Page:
Due South

Due South


Brighton Beach

139 King’s Road Arches

There’s something very special about watching your cabbage being delivered, its leaves waving in the sea air as the kitchen assistant brings it along the seafront to the restaurant. When it appears half an hour later, sautéed to perfection, as the bed for your moist pork roulade (stuffed with truffles), home-made black pudding tagliatelle and crackling, there is a certain sublime symmetry.

And you know that, as well as being extremely fresh, few ingredients used in head chef Michael Bremner’s flavoursome dishes have come far. Bremner has been with Due South for just over a year, and has made his mark. He and the team source at least 80% of produce from within a 35-mile radius of Brighton Beach, and organic or biodynamic ingredients are preferred. Each month’s ‘guest oyster’ is the only food offering on the menu from outside the county.

Our excellent waiter Stuart talked us through May’s menu – the dishes change to reflect what’s growing in Sussex each month. He brought as an aperitif, a glass of Limney Estate Sparkling (2005 organic), which had travelled just a hop, skip and a jump from nearby Rotherfield. Given that Sussex’s terroir is similar to that of the Champagne region of France, its subtle, smooth mousse and pear-note finish bode well for the future of the county’s ‘fizz’ production. Accompanied it with a single Jersey oyster that slipped down as smoothly as the bubbly. This was followed by a delicious amuse-bouche; Slipcot goat’s cheese purée with asparagus.

Due South’s starter menu is delightfully inventive. Goodbye soup of the day, hello chilled nettle & sorrel gazpacho. This was a little salty, but a curved dollop of wild garlic mousse added kick to the subtle flavours. There’s no goat’s cheese tartlet, but vegetarians and carnivores alike will love the assiette of South Downs beetroot, whilst pescatarians must try the Due South sashimi. Turbot, brill, red mullet and sea bass were served with lemon and home-made soy sauces on a slate platter, garnished with edible flowers. Beautiful.

My friend’s main course was the chef’s special of pan-roasted rib eye steak, served with truffle-crushed potato and that fresh cabbage. The medium-rare meat was from Castle Farm in Hartfield, and melted in the mouth. My pork dish was a lovely idea, but as there was a little too much tagliatelle, the balance was not as good as it could have been. The bed of cabbage was, however, delicious. My glass of Plumpton Rosé 2008 was quite dry but fruity, and a glass of Nero d’Avola 2007 had raspberry notes that went surprisingly well with my friend’s steak. A side order of succulent asparagus with Sussex butter was the perfect accompaniment.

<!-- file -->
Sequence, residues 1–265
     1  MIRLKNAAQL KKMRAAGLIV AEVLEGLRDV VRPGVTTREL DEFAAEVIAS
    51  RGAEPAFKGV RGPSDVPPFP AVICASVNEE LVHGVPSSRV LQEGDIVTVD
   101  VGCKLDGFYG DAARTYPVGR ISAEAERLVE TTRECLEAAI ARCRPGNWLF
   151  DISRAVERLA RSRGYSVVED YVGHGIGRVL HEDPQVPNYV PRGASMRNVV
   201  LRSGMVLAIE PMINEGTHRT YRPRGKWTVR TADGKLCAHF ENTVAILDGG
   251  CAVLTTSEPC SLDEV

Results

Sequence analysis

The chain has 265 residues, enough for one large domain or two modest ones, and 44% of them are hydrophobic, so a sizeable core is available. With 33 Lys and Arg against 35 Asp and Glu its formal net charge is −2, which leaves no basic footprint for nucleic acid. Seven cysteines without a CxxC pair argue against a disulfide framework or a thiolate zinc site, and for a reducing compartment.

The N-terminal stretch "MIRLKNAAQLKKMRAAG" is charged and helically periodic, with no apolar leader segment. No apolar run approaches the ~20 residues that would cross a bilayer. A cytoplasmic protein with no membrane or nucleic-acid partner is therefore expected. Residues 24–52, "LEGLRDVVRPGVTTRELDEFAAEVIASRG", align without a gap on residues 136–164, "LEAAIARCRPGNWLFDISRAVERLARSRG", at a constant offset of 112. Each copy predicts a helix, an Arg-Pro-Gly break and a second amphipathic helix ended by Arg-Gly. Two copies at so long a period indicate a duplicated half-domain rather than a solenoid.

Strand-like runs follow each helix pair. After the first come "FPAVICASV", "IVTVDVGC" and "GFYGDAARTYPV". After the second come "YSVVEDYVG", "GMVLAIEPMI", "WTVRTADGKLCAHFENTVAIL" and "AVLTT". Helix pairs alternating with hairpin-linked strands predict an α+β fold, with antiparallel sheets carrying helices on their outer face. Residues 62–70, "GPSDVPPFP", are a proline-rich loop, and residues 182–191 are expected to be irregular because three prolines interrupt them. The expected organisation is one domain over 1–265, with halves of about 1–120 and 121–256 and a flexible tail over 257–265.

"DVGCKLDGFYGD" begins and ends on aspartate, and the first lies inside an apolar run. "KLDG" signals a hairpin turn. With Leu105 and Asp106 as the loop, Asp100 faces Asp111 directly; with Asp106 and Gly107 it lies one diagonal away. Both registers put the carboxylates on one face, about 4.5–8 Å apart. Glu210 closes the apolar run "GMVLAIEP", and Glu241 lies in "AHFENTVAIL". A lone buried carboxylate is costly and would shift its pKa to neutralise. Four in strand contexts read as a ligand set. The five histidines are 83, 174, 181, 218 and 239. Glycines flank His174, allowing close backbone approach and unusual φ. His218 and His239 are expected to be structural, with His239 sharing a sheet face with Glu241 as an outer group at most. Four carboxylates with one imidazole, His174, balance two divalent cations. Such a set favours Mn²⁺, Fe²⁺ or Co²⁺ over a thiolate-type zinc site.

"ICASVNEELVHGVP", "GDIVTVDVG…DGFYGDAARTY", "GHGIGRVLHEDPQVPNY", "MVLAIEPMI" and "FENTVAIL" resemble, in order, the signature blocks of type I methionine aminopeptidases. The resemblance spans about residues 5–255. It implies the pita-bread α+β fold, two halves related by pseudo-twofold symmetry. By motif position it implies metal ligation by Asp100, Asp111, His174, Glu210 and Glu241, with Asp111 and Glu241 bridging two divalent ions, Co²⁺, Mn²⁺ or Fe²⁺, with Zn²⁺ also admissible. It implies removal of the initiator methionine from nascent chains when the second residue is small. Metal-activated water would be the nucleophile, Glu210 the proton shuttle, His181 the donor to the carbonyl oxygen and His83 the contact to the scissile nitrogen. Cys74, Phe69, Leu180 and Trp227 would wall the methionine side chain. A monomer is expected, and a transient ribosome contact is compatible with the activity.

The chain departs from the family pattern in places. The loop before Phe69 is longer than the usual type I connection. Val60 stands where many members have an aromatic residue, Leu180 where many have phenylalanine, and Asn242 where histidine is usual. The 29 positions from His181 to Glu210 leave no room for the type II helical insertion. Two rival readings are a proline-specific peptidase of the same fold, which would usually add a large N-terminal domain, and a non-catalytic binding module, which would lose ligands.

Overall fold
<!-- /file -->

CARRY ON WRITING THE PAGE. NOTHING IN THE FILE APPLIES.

The pièce de résistance of the evening was the choice of desserts. If, like us, you were unable to choose between Due South beetroot baked Alaska, poached strawberry & white balsamic panna cotta and steamed rhubarb pudding with golden syrup ice cream, you could opt for the selection of desserts to share, which offers a smaller portion of three dishes of your choice from the menu. Inspired. We loved the rhubarb pudding, a tangy blend of sponge and fruit, and the panna cotta. There wasn’t a strong beetroot flavour to the baked Alaska, but the opposing heat of the cake and the biting cold of the ice-cream centre, coupled with a crunchy biscuit base, was stunning. A glass of Chateau La Garenne 2005 (organic) and excellent espresso coffees added to a very good menu.

Wherever you look, Due South has added touches to its décor that create layers of sensation. The driftwood-and-rope shelves, filled with local magazines, were obviously crafted from flotsam found on the beach. The kitchen is open to view as you pass down the corridor, and there are photographs of beach vistas covering the walls. The restaurant is as proud of its charity work as its food, however. By the ladies loos is a wall full of framed letters of thanks from the many charities (local and international) it has sponsored over the years. These include CIWF, and Sustain: The Alliance for Better Food & Farming. May’s charity provides clean drinking water to villages and farms in Africa. Rather than being offered ‘still or sparkling?’, we were brought a bottle of water from the tap, and told we could give £1 for it to go to the charity. But the choice was ours.

The view from our window table was definitely a bonus – beach, sea, the atmospheric West Pier, its skeleton silhouetted against the sunset – but it wasn’t a necessity. An evening at this cosy but elegant restaurant, wherever you sit, will be memorable.

Average price per person: £35 (including dessert, excluding drinks & tip)

Due South: 139 King’s Road Arches, Brighton Beach, East Sussex, BN1 2FN. Tel: 01273 821218.

Reviewer: Bryony Weaver